Oil and Gas Agency to Split Environment, Safety from Leasing

WASHINGTON, DC, May 11, 2010 (ENS) – The federal agency that manages the nation’s natural gas, oil and other mineral resources is going to be reorganized to separate its safety and environmental enforcement functions from its leasing and permitting functions.

Interior Secretary Ken Salazar announced today that he intends to restructure the Minerals Management Service, MMS, to establish a separate and independent safety and environmental enforcement entity. The move is prompted in part by the Deepwater Horizon oil spill that continues to spread in the Gulf of Mexico.

“The job of ensuring energy companies are following the law and protecting the safety of their workers and the environment is a big one, and should be independent from other missions of the agency,” said Salazar.

Currently, the Minerals Management Service collects energy revenues on behalf of American taxpayers and enforces laws and regulations that apply to offshore energy operators.

Salazar said the MMS’s inspection, investigation, and enforcement operations will be separate and independent from the agency’s leasing, revenue collection, and permitting functions.

“We will responsibly and thoughtfully move to establish independence and separation for this critical mission so that the American people know they have a strong and independent organization holding energy companies accountable and in compliance with the law of the land,” the secretary said.

The change is part of a set of reforms that Salazar says will provide federal inspectors more tools, more resources, more independence, and greater authority to enforce laws and regulations that apply to oil and gas companies operating on the Outer Continental Shelf.

Boats sail through a sea of oil from the Deepwater Horizon in the Gulf of Mexico. May 8, 2010. (Photo courtesy U.S. Coast Guard)

“The tragedy aboard the Deepwater Horizon and the massive spill for which BP is responsible has made the importance and urgency of our reform agenda even clearer,” said Salazar.

“We have been, and will continue to be, aggressive in our response to BP’s spill,” he said, “but we must also aggressively expand the activities, resources, and independence of federal inspectors so they can ensure that offshore oil and gas operations are following the law, protecting their workers, and guarding against the type of disaster that happened on the Deepwater Horizon.”

The Union of Concerned Scientists today gave its approval to an Obama administration proposal to divide the Minerals Management Service, which oversees offshore drilling, into two agencies, saying the breakup was “long overdue.”

Francesca Grifo, director of the UCS Scientific Integrity Program, said, “Conflicts of interest must be minimized so that the agency charged with enforcing safeguards is able to focus solely on protecting workers and the environment.”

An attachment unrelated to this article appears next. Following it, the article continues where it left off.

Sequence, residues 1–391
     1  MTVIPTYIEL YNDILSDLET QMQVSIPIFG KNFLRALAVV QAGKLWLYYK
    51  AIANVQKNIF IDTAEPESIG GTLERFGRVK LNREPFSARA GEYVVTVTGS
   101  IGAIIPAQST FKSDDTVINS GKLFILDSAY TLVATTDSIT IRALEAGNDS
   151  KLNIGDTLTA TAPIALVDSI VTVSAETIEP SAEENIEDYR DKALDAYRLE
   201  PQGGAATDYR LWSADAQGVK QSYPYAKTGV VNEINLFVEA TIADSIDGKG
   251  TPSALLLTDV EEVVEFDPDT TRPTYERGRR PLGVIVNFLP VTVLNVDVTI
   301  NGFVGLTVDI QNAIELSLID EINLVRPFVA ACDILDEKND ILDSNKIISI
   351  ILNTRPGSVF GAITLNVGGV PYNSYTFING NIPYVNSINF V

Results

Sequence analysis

“Putting one agency in charge of enforcing safety regulations and collecting billions of dollars in oil and gas royalties was asking for trouble,” Grifo said. “Separating these functions would benefit all parties involved – the Department of Interior, the American public, and the oil companies that must rebuild public trust.”

The American Petroleum Institute, an industry organization, did not take issue with Salazar’s reorganization of the Minerals Management Service, but said it needs to see the details of the proposal.

“Our industry’s priority is to provide safe, technologically sound and environmentally responsible offshore operations and we remain committed to working with Secretary Salazar to achieve this goal,” API said in a statement.

“We remain committed to responding to the current situation and supporting the ongoing investigations,” said API, which has created two industry task forces in response to the Deepwater Horizon incident that held their first meeting in Houston Monday.

The task forces are not involved in the review of the incident, but bring together industry experts to identify best practices in offshore drilling equipment and operations, with the ultimate goal of enhancing safety and environmental protection. The task forces will provide recommendations to the Department of the Interior, which is tasked with submitting a report on the incident to President Barack Obama on May 28, 2010.

“The Gulf of Mexico oil spill demands that our industry get to work immediately to reexamine our offshore operations, procedure and technology to ensure our commitment to safety is uncompromised,” said API President and CEO Jack Gerard.

“In an effort to assist and complement the government, leading experts from across our industry are exploring whether any improvements in industry operations could result in improved offshore safety and stronger environmental protections,” Gerard said.

The oil and gas industry formed the task forces as a complement to the Outer Continental Shelf Safety Oversight Board, which the Department of the Interior established as part of the federal government’s ongoing review of offshore drilling issues brought to the fore by the Deepwater Horizon incident.

Copyright Environment News Service (ENS) 2010. All rights reserved.